A recent article in Foreign Affairs stated the self-apparent: “The fact of a one-state reality has long been obvious to those who live in Israel and the territories it controls and to anyone who has paid attention to the inexorable shifts on the ground.”
The article points to several factors, such as the spread of settlements, that negate the possibility of a separate Palestinian state. As now constituted, however, this de-facto single state can only lead to a grim and unsustainable future of perpetual hatred, fueled by the presence of millions who feel disenfranchised.
If a single state is the enduring reality for Israel and Palestine, it is time to consider workable models to carry it forward. Simple unitary majoritarianism is a non-starter. Rather than building reconciliation, it would probably result in constant fear for minorities that all their rights stand or fall with the next election. Unwieldy religious power-sharing arrangements such as those that have existed in Lebanon would be equally tough to implement.
There is another model that can offer something for almost everyone. That exemplar is the Swiss canton system, which has accumulated a record of success lasting several hundred years. Switzerland has much in common with Israel-Palestine. Both are geographically small, compact places. Switzerland has 9 million people living in 15,000 square miles, compared to 14 million living in the 11,000 square miles of Israel-Palestine. While both places are diverse in language, culture, and religion, a key difference is that Switzerland has successfully minimized conflict through a weak federal government, vigorous decentralization, and constitutional guarantees including “one person, one vote.”
The locus of political power in Switzerland is the largely self-governing canton. There are 26 of them, and they vary both in official language — usually German, Italian, or French — and in majority religion. Some cantons even have official churches, though minorities maintain freedom of religion. Because of the small size of each of these units, the costs of leaving for any discontented individual is relatively low.
In great part because of the canton system, Switzerland was better able than its neighbors to weather the carnage of the Reformation. The wars of that historical period make the current Palestinian-Israeli conflict seem mild.
Despite considerable ethnic, linguistic, and religious diversity, the process to select Switzerland’s president is refreshingly mundane. Many citizens do not even know the name of the president, who only serves for one year. Every five years, the bicameral canton-based federal assembly chooses a federal council of seven, who are co-equal in power. Each member trades off serving as president, making it possible for people from nearly every ethnic or religious group to aspire to that relatively unglamorous office.
Cantons Are Based on Geography
In Israel-Palestine, assuming the adoption of a similar system, some cantons would be predominantly Jewish orthodox, some Muslim, some secular, and many would have smatterings of Bedouin, Druze, Christian, and other minorities. A few might even designate themselves, quite uncontroversially, as miniature Jewish states. As in Switzerland, those who feel alienated could freely and peacefully move to another canton that is more to their liking. Moreover, a rotating federal council similar to that of Switzerland would allow people from diverse religious groups to take a turn at the presidency with relatively little controversy.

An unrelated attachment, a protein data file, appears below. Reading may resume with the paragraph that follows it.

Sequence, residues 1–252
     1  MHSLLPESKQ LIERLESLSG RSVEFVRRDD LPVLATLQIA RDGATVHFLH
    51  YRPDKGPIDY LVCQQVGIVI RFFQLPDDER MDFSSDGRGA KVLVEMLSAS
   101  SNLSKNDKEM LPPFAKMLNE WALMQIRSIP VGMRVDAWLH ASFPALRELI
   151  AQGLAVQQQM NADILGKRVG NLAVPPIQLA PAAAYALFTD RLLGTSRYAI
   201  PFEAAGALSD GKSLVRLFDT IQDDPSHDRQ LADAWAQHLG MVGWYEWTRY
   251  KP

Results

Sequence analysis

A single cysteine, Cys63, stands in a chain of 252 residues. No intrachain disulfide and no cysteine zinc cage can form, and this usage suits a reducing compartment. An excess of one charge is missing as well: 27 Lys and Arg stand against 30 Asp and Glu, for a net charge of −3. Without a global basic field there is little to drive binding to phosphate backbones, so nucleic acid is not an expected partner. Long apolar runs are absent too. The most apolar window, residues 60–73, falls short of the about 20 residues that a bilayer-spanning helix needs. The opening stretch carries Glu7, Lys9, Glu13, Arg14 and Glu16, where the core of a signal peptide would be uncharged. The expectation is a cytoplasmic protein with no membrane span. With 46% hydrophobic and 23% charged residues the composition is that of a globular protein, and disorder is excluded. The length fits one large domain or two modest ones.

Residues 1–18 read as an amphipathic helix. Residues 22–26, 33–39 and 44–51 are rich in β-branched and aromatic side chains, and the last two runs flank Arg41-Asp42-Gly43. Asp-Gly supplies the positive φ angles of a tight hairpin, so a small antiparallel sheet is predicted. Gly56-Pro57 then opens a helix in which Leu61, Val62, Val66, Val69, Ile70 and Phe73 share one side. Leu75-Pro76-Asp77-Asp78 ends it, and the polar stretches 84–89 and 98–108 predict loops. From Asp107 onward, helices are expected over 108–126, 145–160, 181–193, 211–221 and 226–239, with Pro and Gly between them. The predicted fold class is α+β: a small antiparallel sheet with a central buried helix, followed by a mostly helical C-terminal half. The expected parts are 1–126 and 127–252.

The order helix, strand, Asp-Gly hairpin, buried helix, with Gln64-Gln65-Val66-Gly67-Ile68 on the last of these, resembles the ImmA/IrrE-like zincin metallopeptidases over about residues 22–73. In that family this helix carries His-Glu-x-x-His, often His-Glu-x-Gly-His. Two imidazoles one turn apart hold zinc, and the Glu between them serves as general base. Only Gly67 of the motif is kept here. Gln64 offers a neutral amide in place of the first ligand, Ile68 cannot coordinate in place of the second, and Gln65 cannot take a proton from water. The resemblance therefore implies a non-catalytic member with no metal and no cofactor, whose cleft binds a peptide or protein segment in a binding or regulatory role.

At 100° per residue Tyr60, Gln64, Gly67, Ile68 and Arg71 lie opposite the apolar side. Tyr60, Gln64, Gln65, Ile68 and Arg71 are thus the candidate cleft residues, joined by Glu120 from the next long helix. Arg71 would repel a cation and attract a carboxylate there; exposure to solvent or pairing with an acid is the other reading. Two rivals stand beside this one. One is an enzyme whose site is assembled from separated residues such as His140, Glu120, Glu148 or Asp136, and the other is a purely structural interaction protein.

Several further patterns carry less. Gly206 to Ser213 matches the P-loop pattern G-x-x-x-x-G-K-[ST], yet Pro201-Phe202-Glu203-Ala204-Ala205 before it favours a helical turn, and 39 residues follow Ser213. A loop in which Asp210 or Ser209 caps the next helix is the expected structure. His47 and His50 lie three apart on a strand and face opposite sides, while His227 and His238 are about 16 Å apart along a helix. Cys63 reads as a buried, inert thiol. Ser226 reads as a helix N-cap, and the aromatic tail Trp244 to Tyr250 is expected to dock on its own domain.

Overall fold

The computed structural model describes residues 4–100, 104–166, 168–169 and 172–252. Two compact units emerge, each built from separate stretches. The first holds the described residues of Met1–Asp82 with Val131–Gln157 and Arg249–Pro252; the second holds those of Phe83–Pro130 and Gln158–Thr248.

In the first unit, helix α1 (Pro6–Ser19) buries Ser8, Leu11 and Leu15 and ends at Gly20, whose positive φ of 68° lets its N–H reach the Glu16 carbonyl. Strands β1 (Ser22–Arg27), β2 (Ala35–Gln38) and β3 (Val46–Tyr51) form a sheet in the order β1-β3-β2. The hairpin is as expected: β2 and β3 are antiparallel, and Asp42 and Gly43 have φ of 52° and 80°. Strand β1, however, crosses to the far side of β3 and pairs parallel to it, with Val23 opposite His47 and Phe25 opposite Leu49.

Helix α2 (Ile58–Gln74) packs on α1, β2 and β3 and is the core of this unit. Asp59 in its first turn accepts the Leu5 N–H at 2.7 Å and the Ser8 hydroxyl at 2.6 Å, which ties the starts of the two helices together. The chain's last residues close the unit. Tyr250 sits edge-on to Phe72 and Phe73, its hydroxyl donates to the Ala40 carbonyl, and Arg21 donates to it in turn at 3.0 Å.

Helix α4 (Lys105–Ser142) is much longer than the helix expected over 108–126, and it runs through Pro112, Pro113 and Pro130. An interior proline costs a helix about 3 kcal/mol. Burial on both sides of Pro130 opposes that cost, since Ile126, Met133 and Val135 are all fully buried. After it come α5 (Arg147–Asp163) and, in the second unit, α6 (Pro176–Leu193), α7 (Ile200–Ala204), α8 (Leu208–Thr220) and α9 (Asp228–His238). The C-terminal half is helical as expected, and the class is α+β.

A key advantage a canton system holds over most currently proposed structures is that its main defining characteristic is simple geography, rather than ethnicity or religion. The predictable and fixed boundaries of these jurisdictions, each constantly shifting in demographics, removes the necessity for those periodic readjustments that often plague power-sharing arrangements.
A related advantage of a shift to a canton-based system is that it entirely avoids the costly process of persuading or forcing current settlers to uproot. Because ethnic or religious intermingling would no longer pose any threat to overall political stability, the settlers could continue to live where they are. A canton-based system would create opportunities for peaceful coexistence between settlers and Arabs and the spread of mutually beneficial commerce, instead of the current climate of fear which often characterizes those areas.
Proposals to implement cantons in Israel-Palestine are not new. Some of them date back nearly a century. An early pioneer was Itamar Ben-Avi, who had impeccable Zionist credentials. He was the first person in modern times to learn Hebrew as a native speaker. He had been brought up to speak it by his father, who had been instrumental in recreating that ancient language. In 1930, Ben-Avi proposed dividing the British mandate of Palestine into six Jewish, six Muslim, and three Christian cantons. “The spirit in Palestine among Jews and non-Jews,” he declared, “is very much in favor of the plan, because it would lead to peace and harmony.”
Like many sensible ideas, however, Ben-Avi’s proposal was derailed by powerful elements at each extreme who favored zero-sum nationalism. Yet there are faint signs of revived interest in the cantonal approach that might lead to productive dialogue. They could not be more timely. In Israel itself, the Federation Movement is now proposing a modified version of the idea, although it has made little headway as of now.
For people of good will who want a way out of the current gridlock, the canton model offers great promise as a basis for reconciliation, compromise, and lasting peace.
David T. Beito is Professor Emeritus in History at the University of Alabama.